Statewide Heritage Ohio conference lands in Springfield

Springfield will have the opportunity to showcase its growth and development this month as the host city for the 2021 Heritage Ohio Annual Preservation and Revitalization Conference.

Architects, preservationists, community leaders, revitalizationists and historians from across the state will come to the city from Oct. 18-20 for the conference to learn about creating vibrant downtown spaces and promoting economic growth through preservation.

“The last time Heritage Ohio was in Springfield for a conference was in 2006,” says Kevin Rose, resident historian for The Turner Foundation. “At the time, we had a lot of momentum … but now, it’s amazing to look back over those 15 years. There are some amazing things that have happened in that time.”

Rose says that through the years, Springfield has gained knowledge and built many partnerships by way of the Heritage Ohio conferences. He’s hopeful attendees this year will be able to learn from the growth and development the Springfield community has been experiencing.

“It will be great to showcase for Heritage Ohio our city that we’ve worked on tirelessly for 15 years,” Rose says. “We would not be where we’re at today without the historic tax credits – from the Bushnell Building to work at Wittenberg (University) – and we have so much to showcase as a community. A lot of things have been spurred by (those credits).”

The conference will feature a variety of in-person and virtual sessions to make things comfortable and available for attendees, says Joyce Barrett, Heritage Ohio’s executive director.

The organization was originally founded in 1989 as Downtown Ohio and only focused on downtown revitalizations, Barrett says. In 2000, Heritage Ohio was founded to focus on historic preservation, and shortly after, the two organizations combined.

Heritage Ohio will celebrate its 30th statewide conference this year in Springfield, she says.

Some speakers will present virtually while others will be in person. There also will be a mix of community tours offered to give attendees a taste of Springfield, Barrett says.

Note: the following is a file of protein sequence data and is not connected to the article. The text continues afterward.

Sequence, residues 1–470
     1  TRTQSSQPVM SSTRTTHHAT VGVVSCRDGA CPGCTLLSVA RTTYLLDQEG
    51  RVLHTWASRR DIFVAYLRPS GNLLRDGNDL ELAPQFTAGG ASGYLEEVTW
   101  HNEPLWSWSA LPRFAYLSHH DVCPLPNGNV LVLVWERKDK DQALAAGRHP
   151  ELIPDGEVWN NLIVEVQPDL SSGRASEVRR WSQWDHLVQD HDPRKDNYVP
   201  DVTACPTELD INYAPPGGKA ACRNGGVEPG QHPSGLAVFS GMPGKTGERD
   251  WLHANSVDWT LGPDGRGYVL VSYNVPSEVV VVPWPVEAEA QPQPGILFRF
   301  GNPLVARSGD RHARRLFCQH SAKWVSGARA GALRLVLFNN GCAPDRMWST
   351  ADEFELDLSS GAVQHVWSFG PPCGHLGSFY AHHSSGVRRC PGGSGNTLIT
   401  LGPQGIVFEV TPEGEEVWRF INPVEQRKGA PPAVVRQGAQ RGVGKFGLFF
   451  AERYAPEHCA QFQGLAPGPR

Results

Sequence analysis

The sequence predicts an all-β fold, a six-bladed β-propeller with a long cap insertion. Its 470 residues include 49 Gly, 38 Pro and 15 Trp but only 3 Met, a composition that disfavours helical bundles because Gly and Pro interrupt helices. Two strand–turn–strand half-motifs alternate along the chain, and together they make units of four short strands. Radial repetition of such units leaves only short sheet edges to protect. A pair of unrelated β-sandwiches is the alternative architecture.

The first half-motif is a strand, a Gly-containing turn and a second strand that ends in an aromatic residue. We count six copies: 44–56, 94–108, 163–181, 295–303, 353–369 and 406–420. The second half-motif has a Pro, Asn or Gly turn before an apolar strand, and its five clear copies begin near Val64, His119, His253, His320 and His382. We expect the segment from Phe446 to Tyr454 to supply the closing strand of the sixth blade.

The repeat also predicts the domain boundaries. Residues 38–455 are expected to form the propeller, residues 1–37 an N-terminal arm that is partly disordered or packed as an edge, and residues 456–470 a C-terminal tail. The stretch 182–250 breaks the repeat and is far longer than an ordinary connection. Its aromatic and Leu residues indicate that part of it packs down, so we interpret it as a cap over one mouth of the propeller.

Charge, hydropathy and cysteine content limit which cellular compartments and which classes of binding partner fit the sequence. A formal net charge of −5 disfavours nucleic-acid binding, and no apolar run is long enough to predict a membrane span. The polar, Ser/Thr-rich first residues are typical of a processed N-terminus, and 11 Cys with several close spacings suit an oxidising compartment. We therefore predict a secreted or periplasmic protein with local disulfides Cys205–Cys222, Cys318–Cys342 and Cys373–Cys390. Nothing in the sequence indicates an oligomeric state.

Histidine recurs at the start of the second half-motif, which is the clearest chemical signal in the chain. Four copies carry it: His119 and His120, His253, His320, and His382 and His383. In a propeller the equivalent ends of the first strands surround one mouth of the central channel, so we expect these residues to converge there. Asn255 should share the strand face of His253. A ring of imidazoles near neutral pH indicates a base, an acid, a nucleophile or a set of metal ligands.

Tours will include an overview of Springfield, COhatch, The Gammon House, Victorian architecture, the Wren Building, The Westcott House, and a public art crawl.

“It’s really important for us as a city to have this moment to showcase our Convention and Visitors Bureau and our arts and culture scene,” Rose says. “The city that people will be seeing through the Heritage Ohio conference is a different city than they were seeing in 2006."

To help attendees be able to space out more than in typical years, lunch will be an on-your-own part of the day, where visitors are invited to get food from local businesses to experience the food options in Springfield, Barrett says.

“Of course, there’s an economic component to the conference being here. It’s bringing people to a hotel and local restaurants as they're coming out of COVID and could use the boost,” Rose says. “Heritage Ohio is back, but we’re taking all the precautions to make it a safe, healthy conference.”

Information sessions will include presentations about building vibrant communities, bringing youthful voices to preservation, creating experience-based economies, and historic preservation tax credits.

“No community shows the needs for historic tax credits more than Springfield, Ohio,” Rose says. “In some communities, it is an extra piece of a puzzle that’s great for them to have. In Springfield, you don’t have revitalization work without it. There’s no physical way to make these projects work without a tax credit, and there are a lot of communities out there like that.”

Rose says it’s exciting that the conference will bring back together some of the connections Springfield organizations made in the past, and he’s hopeful about opportunities it will bring for the future.

“What we hope here is to make connections and show what we’ve been working on. This is our chance to show off a bit – we’re really proud,” he says.
 

Read more articles by Natalie Driscoll.